In the mid-thirteenth century, half of Asia seemed poised precariously between Islam and Christianity. Popes and Christian kings, fearful of the Muslim pressure on Palestine, grasped for deliverance in rumors of a sympathetic Mongol power to the east. In 1245 Pope Innocent IV had sent the Franciscan friar Giovanni da Pian del Carpini to the court of the great khan at Khara Khorum (where he witnessed the enthronement of one of Khubilai’s predecessors), and in 1253 Louis IX of France had dispatched another friar, William of Rubruck. But both men returned with the same disheartening message: Let your kings come here and pay us tribute. As for Marco Polo’s character, the man who percolates through his often terse and impersonal sentences is at once sharply observant and rather naive. His intelligence, it seems, was a merchant’s: astute in practical things, energetic, and resourceful. His obsession with the pomp and refinements of court, with feasts and ceremonial, costume and luxury, is that of both a salesman and a dazzled courtier. But typical of his mother city, he was tolerant of other faiths and practices. His routine dismissal of idolatry does nothing to dim his admiration for Mongol rule and Chinese life. (“Their style of conversation is courteous…. To their parents they show the utmost reverence.”) Like a harbinger of the new age, he is endlessly intrigued by the novel and the different.

But above all, there is the matter of Polo’s integrity. Ever since it was written, his book has caused unease. Alongside verifiable fact and rigorous observation, he tosses in hearsay and credulous imaginings. A few Sinologists have even asked: Did he go to China at all? Could he have gathered his intelligence from elsewhere?

In his Description Polo tells at least one outrageous lie. At the Mongol siege of the “large and splendid” Sung city of Xiangyang, he claims to have been instrumental in its capture. Along with his father, uncle, and two foreign engineers, he says, he designed a mangonel, a giant catapult, which lobbed stones into the city so that its defenders were panicked into surrender. Yet this unlikely story is invalidated by chronology: the city’s capitulation took place in January 1273, some two years before Marco Polo even reached China.

Here, it seems, Polo has fallen victim to sheer self-aggrandizement. What, one wonders, did his father and uncle think, who survived to hear this story? Perhaps they were complicit in it. Perhaps he even offered it to them as a sop: for after his arrival in China he barely mentions them again, as if their presence would detract from his own stature. Marco claimed, moreover, to have been for three years governor of the important trading city of Yangzhou. Yet once again there is no mention of him (or any Polo) in the detailed Chinese annals of the time.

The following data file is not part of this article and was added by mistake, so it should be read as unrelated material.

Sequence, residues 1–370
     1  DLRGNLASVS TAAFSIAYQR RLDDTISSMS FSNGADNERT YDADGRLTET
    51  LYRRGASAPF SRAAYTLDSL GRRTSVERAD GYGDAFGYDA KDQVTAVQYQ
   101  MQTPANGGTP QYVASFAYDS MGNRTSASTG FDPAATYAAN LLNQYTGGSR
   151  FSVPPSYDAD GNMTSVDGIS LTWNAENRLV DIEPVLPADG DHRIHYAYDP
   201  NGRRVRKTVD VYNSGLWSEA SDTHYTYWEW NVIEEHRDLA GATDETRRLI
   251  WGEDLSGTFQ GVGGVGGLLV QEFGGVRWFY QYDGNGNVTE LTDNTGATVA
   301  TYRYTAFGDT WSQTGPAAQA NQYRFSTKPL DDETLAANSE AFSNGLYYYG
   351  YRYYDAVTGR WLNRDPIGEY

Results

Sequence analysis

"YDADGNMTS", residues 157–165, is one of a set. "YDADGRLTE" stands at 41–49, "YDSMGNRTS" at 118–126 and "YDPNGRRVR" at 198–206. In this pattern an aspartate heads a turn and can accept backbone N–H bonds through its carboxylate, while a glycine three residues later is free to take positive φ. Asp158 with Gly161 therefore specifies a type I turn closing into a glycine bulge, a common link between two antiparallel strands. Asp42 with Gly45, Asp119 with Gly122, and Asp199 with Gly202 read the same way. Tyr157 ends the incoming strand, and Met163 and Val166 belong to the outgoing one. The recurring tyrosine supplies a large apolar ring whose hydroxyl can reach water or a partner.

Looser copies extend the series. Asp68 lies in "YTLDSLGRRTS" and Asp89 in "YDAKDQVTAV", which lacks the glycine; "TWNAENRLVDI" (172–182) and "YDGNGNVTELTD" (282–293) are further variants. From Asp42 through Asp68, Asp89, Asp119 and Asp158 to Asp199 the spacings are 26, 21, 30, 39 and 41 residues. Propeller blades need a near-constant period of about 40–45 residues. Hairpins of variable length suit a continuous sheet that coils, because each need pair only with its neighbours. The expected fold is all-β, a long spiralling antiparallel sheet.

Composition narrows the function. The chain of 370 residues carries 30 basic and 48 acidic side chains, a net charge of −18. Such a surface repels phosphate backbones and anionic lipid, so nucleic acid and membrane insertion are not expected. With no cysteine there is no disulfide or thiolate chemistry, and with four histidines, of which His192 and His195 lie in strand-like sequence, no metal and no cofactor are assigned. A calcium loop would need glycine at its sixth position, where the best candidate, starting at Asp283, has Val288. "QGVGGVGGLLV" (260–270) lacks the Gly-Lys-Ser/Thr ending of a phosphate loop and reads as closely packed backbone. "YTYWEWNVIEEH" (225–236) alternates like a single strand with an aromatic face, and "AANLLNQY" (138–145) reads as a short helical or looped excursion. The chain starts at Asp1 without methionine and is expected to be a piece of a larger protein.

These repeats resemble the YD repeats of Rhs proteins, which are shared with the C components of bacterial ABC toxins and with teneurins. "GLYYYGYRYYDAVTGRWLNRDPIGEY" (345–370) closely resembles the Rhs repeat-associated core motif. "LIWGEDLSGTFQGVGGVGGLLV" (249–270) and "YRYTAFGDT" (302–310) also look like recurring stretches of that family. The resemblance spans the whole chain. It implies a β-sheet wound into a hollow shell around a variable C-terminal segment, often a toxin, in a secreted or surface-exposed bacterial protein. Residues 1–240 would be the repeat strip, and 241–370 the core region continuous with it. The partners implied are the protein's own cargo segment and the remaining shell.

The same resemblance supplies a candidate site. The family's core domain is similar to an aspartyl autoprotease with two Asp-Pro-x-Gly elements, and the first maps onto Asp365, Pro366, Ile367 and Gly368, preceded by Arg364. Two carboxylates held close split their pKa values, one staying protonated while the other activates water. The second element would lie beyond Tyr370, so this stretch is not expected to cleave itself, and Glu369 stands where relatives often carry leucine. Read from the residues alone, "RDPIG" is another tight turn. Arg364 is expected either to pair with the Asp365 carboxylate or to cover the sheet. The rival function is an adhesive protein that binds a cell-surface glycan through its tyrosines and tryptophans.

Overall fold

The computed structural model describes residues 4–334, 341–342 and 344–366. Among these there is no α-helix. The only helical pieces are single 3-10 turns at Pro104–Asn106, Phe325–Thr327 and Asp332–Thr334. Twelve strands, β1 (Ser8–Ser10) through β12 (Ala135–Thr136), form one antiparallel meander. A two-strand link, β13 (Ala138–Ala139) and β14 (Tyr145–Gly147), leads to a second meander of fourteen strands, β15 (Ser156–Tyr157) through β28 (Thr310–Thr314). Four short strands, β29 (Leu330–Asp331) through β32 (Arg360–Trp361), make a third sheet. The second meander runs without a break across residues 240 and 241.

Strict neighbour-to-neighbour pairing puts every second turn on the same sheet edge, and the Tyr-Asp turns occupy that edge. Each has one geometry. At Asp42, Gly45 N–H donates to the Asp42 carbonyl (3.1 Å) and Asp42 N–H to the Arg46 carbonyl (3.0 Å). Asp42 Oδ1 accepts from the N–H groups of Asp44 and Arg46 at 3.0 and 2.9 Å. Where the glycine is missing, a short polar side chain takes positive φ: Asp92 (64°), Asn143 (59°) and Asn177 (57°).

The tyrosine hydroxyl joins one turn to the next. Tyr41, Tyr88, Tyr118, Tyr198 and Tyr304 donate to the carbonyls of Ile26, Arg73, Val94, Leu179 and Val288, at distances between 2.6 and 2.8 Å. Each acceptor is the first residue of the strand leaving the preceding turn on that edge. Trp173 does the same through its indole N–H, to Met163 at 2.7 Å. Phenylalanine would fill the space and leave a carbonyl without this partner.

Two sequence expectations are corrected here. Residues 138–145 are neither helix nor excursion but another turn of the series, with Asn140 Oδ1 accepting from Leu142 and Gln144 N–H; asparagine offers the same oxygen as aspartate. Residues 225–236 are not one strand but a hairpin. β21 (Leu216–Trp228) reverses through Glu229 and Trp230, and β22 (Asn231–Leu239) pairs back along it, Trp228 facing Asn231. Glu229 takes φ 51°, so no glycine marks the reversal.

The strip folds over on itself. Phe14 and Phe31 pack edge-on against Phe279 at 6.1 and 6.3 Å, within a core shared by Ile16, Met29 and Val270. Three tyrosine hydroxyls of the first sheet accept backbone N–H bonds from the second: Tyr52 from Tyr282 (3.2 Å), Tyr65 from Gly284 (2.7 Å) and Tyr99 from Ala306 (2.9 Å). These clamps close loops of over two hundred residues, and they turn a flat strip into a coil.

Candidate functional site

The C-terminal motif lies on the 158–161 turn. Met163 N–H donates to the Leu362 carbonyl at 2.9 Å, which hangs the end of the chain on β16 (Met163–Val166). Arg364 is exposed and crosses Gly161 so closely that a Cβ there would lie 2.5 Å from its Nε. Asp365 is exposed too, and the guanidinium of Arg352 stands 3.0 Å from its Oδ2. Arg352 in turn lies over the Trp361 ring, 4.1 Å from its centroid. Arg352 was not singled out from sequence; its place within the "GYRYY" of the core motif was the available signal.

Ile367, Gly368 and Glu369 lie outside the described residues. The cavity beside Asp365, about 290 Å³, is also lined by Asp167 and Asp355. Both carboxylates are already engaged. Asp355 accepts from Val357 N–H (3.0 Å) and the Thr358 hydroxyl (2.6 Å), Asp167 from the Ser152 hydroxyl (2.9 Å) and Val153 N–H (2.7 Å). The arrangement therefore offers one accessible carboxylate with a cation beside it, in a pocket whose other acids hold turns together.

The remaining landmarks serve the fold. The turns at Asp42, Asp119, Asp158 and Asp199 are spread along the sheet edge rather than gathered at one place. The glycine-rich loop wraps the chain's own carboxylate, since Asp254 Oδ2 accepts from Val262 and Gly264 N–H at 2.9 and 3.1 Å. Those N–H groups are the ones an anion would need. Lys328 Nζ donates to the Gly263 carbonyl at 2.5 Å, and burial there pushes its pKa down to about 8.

Other matters have stirred doubt among critics, such as Polo’s failure to record the Chinese practice of female footbinding, printing, or the presence of the Great Wall. But Polo’s book is the flotsam of memory, with all its gaps and elisions. There were things that may even have become so familiar to him that he lost sight of their strangeness. He does, in fact, obliquely allude to foot-binding; and the Great Wall in his day was not the mountain-cresting spectacle built by the Ming dynasty three centuries later, but a cruder assemblage of staked palisades made of earth or clay. More remarkable is the information Polo gives about phenomena which only became common knowledge years—or centuries—after him. His account of the disastrous Mongol expedition against Japan, however imprecise, was almost the first intimation that another country lay beyond the vast landmass of China. His record of the widespread use of coal and of paper money (first widely circulated under the Sung dynasty) fell strangely on European ears. And alongside rumors of dog-faced cannibals or of the mythic Prester John, other instances of hearsay ring belatedly true. Polo’s descriptions of the custom of couvade, for instance—of men appropriating the power of women in childbirth, by imitation—was received with blank disbelief until confirmed by modern anthropologists.

However incoherently Polo’s outbound journey was remembered and written, the modern traveler on the Silk Road stumbles with sudden recognition on phenomena he recorded. His account of the “Old Man of the Mountain,” founder of the fearsome sect of Assassins, is a garbled memory of a murderous Ismaili sect liquidated by the Mongols. But even today the traveler may ascend to their ruined bastion of Alamut in northwest Iran, and glimpse the cliff-castle of Maimundiz where they met their end.